(CapitalWatch, Oct. 14, New York) Futu Holdings Ltd. (Nasdaq: FUTU) and Up Fintech Holding Ltd. (Nasdaq: TIGR) were the biggest losers among Chinese stocks Thursday, down 15% and 22% intraday, respectively, amid Beijing's clampdown on fintech.
It seems President Xi has made it his goal to devalue U.S.-listed Chinese stocks this year in a sweeping decapitalization shift that smoothly led to the new collectivization initiative. From analysts' favorite e-retailer Alibaba Group (NYSE: BABA; HKEX: 9988) to New Oriental Education & Technology Group Inc. (NYSE: EDU; HKEX: 9901) in the no-fail education sector, the regime has taken just the wing-clipping measures that further depressed the sentiment on China.
And now, the eye has turned onto Futu and Up Fintech, which were among the few Chinese stocks to do well even amid the crackdown on the fintech industry. This especially can be said about Futu, which at some point reached four times its early January value of $50 per share. The trading platform has seen a striking trading trajectory since its IPO in March 2019 and was fueled further by the Covid-19 outbreak last year. All along, it has been expanding its business, including internationally, and recently delved into cryptocurrency trading. Think of it as China's Robinhood.
Futu and Up Fintech provided a simple way for citizens in China to trade stocks in New York and Hong Kong, with few other options available. And that's now under question. On Thursday, state-run People's Daily released an article saying the platforms could be violating the new data privacy law, which prohibits the transfer of Chinese citizens data overseas. In its article, the medium outright poses the question: Who gets the information on Chinese citizens' IDs, bank cards, and taxes, when they open accounts on Futu's moomoo and Up Fintech's Tiger apps?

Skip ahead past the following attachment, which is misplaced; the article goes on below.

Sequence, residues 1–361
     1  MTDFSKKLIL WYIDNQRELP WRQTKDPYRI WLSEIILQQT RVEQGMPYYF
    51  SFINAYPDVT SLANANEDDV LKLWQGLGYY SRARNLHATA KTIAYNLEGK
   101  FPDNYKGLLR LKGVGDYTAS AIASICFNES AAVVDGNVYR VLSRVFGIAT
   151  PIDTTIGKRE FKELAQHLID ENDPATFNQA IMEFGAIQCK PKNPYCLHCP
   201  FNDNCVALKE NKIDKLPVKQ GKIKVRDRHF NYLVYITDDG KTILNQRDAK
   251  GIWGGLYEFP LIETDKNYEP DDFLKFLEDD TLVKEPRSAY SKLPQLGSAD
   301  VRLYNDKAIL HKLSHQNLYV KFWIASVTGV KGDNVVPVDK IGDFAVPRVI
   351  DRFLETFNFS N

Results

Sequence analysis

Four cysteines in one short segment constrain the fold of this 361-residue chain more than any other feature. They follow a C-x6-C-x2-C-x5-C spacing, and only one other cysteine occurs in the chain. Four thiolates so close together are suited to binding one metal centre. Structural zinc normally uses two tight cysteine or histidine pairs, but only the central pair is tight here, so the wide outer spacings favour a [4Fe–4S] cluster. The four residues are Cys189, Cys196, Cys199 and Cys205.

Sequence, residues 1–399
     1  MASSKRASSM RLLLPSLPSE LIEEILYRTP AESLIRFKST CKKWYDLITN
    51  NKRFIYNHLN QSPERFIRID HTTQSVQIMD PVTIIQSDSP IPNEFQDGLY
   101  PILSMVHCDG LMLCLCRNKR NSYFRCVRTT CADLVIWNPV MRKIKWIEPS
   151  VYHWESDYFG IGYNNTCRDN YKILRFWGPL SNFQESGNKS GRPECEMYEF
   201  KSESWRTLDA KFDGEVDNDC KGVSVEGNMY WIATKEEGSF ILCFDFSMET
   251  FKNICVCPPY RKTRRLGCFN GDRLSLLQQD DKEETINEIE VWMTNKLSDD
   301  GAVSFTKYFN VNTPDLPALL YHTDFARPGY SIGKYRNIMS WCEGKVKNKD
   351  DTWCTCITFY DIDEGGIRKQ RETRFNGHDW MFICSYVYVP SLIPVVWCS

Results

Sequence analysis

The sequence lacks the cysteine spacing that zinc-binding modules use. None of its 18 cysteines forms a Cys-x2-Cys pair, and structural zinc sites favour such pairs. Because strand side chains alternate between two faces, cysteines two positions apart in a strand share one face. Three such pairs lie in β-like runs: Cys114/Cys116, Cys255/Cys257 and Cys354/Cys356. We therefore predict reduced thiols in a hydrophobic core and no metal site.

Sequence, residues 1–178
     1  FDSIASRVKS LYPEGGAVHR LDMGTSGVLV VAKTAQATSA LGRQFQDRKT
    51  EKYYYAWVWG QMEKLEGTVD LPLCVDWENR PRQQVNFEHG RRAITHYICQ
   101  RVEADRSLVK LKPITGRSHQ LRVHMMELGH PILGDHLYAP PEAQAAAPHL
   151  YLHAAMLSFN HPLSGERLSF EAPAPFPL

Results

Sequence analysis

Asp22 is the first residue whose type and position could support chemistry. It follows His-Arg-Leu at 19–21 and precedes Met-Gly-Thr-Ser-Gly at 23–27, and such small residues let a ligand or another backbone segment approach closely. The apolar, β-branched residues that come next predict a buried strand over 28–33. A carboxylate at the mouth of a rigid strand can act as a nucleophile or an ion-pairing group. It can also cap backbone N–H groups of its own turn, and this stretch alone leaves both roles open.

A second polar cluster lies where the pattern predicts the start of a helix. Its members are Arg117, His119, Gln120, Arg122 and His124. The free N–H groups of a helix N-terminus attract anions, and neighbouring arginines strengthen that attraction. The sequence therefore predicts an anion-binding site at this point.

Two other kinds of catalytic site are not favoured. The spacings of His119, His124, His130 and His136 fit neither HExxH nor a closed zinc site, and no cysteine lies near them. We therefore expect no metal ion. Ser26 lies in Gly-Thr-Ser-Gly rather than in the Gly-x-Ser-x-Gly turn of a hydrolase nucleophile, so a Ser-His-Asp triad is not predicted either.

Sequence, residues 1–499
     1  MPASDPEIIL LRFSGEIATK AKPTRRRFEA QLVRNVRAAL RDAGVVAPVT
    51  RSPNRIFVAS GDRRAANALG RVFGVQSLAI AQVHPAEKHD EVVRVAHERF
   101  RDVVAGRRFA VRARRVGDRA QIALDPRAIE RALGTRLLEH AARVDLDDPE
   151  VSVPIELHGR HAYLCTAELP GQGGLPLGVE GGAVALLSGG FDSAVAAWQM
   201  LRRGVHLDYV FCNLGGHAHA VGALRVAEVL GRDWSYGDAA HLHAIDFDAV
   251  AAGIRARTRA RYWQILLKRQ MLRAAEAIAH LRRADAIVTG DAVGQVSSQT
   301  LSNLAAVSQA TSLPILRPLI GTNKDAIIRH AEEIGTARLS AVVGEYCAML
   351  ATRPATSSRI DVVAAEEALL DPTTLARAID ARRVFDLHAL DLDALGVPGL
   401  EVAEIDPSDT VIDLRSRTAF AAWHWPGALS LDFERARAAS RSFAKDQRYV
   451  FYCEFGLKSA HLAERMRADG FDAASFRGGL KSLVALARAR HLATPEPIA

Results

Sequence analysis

China's new Personal Information Protection Law goes into effect on Nov. 1 in the cybersecurity crackdown on financial and technology companies. This also affects companies seeking overseas listings – they are required to go through a cybersecurity review that decides the sensitivity of the user data the company collects.
"Futu has been strictly complying with relevant laws and regulations. Going forward, we will continue to actively cooperate with regulatory authorities to better safeguard personal information," Futu is quoted as saying in response to People's. "Since our founding Futu has insisted that the protection of personal information and data is of top priority."
In CW's post-IPO interviews with Futu's top management, the company always made sure to highlight its hefty stack of operating licenses and its compliance with regulations.
On a side note, China has also cracked down on cryptocurrency, deeming any transaction involving bitcoin illegal. At the time, Futu and Up Fintech both said they have restricted crypto-related services in China.
Against the backdrop of China's crackdown on some of its most successful companies, Washington's moves for the protection of the U.S. investor, like the Holding Foreign Companies Accountable Act, seem forgiving. First condemning the U.S. for turning against Chinese companies and threatening redemption, Beijing has taken its unique Eastern path that nobody expected.
Futu closed at $73.81 per share Thursday; TIGR ended at $8.18 a share.